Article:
Weaving Routes together to reconnect Glasgow
Glasgow is a city with spatial experiences that are unique. Many of the densely populated urban blocks of Glasgow’s past still dominate the city’s urban fabric. The narrow lanes present take you to sheltered, concentrated Glaswegian spaces of the city. Together with the contrasting open and spacious shopping streets of the golden Z, the Architecture creates these layers of spatial diversity which define Glasgow. Using these architectural tools of both compression and decompression, within my thesis I aim to create spaces seamlessly with the city’s urban fabric.
Within the city there are disconnected islands of production, consumption and waste . This zoning creates disjointed spatial consequences for the areas in between. Through creating space for both private and public programmes these patches of vacant and derelict lands can be reactivated. Through architecture, I will provide a symbiotic experience with the city centre, creating a homogeneous feel.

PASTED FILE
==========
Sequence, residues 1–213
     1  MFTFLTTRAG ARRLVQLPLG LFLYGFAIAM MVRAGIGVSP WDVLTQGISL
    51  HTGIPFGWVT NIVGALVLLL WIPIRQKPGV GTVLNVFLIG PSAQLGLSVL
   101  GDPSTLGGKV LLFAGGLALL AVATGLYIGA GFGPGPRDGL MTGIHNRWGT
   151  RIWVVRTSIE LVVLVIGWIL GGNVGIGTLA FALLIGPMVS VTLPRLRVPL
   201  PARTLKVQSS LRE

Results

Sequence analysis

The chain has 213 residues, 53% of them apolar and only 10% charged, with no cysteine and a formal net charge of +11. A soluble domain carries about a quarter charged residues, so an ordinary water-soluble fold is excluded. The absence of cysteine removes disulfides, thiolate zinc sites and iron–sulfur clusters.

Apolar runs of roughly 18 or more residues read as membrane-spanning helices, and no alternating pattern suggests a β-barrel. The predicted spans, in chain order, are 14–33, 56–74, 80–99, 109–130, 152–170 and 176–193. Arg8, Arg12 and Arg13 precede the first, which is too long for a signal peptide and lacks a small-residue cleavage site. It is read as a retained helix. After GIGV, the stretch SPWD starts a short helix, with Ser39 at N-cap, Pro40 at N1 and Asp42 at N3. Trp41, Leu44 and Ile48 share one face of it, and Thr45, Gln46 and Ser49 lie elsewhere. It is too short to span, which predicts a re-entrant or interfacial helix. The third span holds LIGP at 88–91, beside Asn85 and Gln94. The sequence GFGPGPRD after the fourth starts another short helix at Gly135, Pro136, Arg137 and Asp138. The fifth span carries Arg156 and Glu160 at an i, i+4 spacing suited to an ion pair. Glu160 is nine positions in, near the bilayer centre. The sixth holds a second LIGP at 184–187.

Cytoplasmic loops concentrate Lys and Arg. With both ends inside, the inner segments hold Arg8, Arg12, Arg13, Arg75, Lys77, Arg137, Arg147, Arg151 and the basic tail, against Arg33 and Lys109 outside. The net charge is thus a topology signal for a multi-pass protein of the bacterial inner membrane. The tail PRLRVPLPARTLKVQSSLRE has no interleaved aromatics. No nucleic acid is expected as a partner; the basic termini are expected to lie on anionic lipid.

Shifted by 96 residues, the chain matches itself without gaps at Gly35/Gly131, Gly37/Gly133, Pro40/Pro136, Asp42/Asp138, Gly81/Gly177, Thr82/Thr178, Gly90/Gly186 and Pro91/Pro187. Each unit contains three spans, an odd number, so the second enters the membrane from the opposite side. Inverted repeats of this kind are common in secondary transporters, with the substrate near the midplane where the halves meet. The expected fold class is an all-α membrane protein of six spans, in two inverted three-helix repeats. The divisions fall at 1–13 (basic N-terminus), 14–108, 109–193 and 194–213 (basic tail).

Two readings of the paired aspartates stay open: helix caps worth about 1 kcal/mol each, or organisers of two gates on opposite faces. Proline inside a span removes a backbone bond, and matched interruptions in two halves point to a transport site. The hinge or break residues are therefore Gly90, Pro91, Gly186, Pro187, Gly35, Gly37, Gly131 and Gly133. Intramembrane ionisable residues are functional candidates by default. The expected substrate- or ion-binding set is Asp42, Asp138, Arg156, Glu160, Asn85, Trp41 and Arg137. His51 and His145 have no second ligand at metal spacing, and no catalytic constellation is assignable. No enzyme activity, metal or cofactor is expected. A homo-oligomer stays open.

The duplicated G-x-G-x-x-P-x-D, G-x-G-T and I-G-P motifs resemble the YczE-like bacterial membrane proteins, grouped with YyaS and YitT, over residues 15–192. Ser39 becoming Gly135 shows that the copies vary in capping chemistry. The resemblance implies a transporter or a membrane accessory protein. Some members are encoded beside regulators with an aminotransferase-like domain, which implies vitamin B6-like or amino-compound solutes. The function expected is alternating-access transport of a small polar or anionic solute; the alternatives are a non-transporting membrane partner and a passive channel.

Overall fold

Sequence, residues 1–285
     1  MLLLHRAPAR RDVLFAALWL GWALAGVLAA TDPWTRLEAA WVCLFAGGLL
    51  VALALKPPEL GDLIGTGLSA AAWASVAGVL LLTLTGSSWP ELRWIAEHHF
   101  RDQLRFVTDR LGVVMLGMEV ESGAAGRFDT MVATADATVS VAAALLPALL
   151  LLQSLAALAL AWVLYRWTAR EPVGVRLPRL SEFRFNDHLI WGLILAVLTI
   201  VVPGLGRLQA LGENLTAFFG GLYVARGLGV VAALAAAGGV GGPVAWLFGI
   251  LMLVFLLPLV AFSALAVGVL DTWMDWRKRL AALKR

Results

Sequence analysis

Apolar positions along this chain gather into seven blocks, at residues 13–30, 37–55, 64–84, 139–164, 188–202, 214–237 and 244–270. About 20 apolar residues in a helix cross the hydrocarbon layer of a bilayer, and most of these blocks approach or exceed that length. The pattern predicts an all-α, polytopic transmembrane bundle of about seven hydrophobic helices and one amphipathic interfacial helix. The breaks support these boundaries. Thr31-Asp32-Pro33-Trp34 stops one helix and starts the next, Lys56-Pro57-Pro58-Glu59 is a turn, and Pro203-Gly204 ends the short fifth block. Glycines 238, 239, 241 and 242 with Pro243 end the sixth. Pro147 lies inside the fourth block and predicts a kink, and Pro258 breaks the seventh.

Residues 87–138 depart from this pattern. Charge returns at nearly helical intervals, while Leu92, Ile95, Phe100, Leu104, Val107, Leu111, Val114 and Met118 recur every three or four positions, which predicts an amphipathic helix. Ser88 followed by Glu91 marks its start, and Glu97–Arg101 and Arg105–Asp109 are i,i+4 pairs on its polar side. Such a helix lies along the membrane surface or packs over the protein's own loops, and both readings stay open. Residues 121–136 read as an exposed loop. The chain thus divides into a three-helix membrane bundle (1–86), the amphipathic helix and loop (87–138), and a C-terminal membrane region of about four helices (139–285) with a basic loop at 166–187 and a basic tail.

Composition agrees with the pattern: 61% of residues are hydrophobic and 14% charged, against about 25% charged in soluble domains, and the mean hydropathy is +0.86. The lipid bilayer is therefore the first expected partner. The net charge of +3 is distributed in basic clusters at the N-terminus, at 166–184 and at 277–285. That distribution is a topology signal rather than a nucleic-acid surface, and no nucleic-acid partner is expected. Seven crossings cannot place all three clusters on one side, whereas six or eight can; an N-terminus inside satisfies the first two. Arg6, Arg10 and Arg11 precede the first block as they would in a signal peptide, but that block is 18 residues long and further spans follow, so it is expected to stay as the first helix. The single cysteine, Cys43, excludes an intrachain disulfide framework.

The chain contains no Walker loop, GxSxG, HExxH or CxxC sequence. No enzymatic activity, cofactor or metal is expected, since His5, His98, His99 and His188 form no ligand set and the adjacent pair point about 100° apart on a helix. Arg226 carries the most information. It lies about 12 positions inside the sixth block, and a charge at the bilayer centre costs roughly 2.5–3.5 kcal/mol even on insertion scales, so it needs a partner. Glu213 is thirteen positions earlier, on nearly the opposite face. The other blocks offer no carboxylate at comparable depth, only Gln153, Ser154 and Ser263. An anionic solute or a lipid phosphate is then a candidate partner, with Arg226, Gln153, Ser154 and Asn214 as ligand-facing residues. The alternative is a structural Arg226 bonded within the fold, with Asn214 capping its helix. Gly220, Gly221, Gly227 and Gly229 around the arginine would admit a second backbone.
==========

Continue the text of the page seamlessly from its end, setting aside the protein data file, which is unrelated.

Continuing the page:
The design proposal notes and emphasises the current street and routes of the city. By creating a hierarchy of the networks through the site, King Street and St Enoch Car parks, the public route is determined to create a master plan. These routes aim to reconnect the city through celebrating the spaces in between through a mix of program and familiar architectural experience.
To respond to both the city and the program, two architectural languages are tested within the design proposal. The public program mimics the city’s fabric through the expression of heaviness and craft. Through emphasising the appearance of heaviness through mass and depth of the facade, the building creates interaction and space for shelter. It also demonstrates grandeur through the perception of careful material selection. Therefore within this thesis I test how I can create space that matches Glasgow ethically. The private program manipulates the materials and form of a factory and our perception of what it is changes through the design and translucency of the facade. This light architecture captures joy of both the user and the exterior surroundings through the interplay of light and its shadows.
By creating a permeability for both architectural languages, the building becomes part of both the public and private spaces. The interplay of both languages demonstrates a new way of producing space for making and buying for each other and the future.